UK ministers, not judges, to sign off on Brit spies' surveillance
Independent review's recommendations to be ignored
IPB Under the UK's forthcoming Investigatory Powers Bill, warrants required to justify the intelligence services' snooping will continue to be signed by those in government – and not by independent judges – in spite of recommendations by an independent review into Blighty's counter-terrorism legislation.
Following from a consultation with Britain's Attorney General, Jeremy Wright, the Home Secretary is set to turn down recommendations that judges, and not ministers, take responsibility for signing the spooks' warrants, when the son of the Snoopers' Charter - the Investigatory Powers Bill - is published in draft form next week.
The Sun reported that a government minister claimed "the Attorney General's advice was very clear. It would be totally irresponsible of government to allow the legal system to dictate to us on matters as important as terrorism. Not only would they tie things in knots very quickly, but they are not elected and answerable to nobody."
The current Home Secretary, Theresa May, will reveal details of the Investigatory Powers Bill next week when a draft version is published for consultation.
The Sun suggested that May will provide a compromise to those who have advocated for more oversight of spooks' surveillance powers in suggesting that "judges could review warrants retrospectively after they have been signed off", however such reviews are already part of the existing oversight procedures which the Independent Review of Terrorism Legislation recommended be updated.
David Anderson QC, who completed his review in June, offered support for the collection of communications data. The report also recommended, however, that: "Each intrusive power must be shown to be necessary, clearly spelled out in law, limited in accordance with human rights standards and subject to demanding and visible safeguards."
An internal GCHQ document published by the Intercept in September suggested that politicians were largely ineffective in providing oversight of mass-collection of communications data the spooks engage in, while judicial oversight as "THE MAIN ISSUE FOR US" by GCHQ.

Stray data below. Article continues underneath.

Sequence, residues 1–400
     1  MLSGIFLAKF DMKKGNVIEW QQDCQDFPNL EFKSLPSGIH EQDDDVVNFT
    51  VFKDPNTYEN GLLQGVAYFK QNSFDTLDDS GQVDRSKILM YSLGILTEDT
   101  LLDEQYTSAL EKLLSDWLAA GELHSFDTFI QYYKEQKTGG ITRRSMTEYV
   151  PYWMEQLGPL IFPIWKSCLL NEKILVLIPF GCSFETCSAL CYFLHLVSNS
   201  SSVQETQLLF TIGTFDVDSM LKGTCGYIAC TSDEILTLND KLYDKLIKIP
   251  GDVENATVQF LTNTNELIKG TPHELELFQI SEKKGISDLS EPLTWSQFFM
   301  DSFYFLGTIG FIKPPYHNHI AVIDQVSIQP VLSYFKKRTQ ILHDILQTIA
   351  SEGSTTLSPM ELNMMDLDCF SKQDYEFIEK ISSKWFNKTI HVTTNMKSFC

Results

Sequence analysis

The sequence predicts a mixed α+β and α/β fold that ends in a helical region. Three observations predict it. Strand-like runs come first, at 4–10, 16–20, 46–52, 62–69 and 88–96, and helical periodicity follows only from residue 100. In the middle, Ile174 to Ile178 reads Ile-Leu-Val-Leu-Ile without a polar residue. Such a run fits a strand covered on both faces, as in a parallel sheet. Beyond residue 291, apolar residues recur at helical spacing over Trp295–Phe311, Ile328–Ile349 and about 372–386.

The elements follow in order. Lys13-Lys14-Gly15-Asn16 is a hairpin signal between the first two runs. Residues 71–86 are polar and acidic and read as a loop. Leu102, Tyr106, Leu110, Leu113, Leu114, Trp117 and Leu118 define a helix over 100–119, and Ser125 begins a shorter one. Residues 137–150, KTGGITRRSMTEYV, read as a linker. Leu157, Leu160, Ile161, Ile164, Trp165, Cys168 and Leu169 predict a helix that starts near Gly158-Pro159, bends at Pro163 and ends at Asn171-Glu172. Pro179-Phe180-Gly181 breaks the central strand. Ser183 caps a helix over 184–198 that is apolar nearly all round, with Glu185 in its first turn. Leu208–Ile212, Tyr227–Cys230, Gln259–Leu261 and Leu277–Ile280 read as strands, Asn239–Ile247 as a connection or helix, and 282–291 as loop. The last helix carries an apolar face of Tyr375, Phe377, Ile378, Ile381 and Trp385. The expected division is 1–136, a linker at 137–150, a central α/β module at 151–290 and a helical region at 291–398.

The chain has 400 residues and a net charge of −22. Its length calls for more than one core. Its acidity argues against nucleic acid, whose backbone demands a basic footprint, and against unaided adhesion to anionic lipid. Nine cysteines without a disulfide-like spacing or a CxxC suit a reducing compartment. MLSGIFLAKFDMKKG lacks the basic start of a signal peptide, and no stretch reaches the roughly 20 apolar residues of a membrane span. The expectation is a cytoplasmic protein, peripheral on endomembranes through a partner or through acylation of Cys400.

Judicial oversight is currently applied to interception activities through the ex post facto audit and review function of both the Interception of Communications Commissioner and the Intelligence Services Commissioner regarding warrants signed by secretaries of state under Parts 1 and 2 of RIPA respectively. It is not yet known how this would differ from the Home Secretary's alleged intentions to allow judges to "review warrants retrospectively after they have been signed off".
David Davis, the Conservative MP for Haltemprice and Howden, told the Sun that Theresa May's plans were "a mistake". Davis, alongside Labour MP Tom Watson, succesfully challenged the Government's Data Retention and Investigatory Powers Act (DRIPA) in the High Court. The primary legislation, which was rushed through Parliament on "emergency" pretexts, was found to be unlawful.
We will remain the only one of all the five eye ally countries – the US, Canada, Australia and New Zealand – who won’t have judges’ sign off.
Not only is it more appropriate, it is also a far better use of the Home Secretary’s time. If she is having to sign off 10 warrants a day, she can’t possibly do it with the proper scrutiny needed.
Talking to The Register, the executive director of the Open Rights Group (ORG) Jim Killock noted that "the main reason to keep ministerial warrants is to avoid external scrutiny. That’s how we got into this mess. This change would be one way to start to re-establish the credibility of the legal framework around UK surveillance, although it would not by itself restrain GCHQ’s vast programmes of data harvesting."
Speaking today at the Parliament and Internet Conference, Andrew Gould, deputy head of the Met's cyber crime and fraud team (FALCON), spoke of his distaste for the term Snoopers' Charter – first used in 1965 in parliament and then later adopted for the current spy power push – which he said he found "offensive", and the debate regarding state surveillance activities in the UK which he found "patronising".
Gould's comments follow those of Andrew Parker, the director-general of the Security Service (formerly MI5), who called for a "mature debate" on interception powers – that is a debate which did not feature allegations of mass surveillance – as the UK approaches the publication of the draft Investigatory Powers Bill next week. ®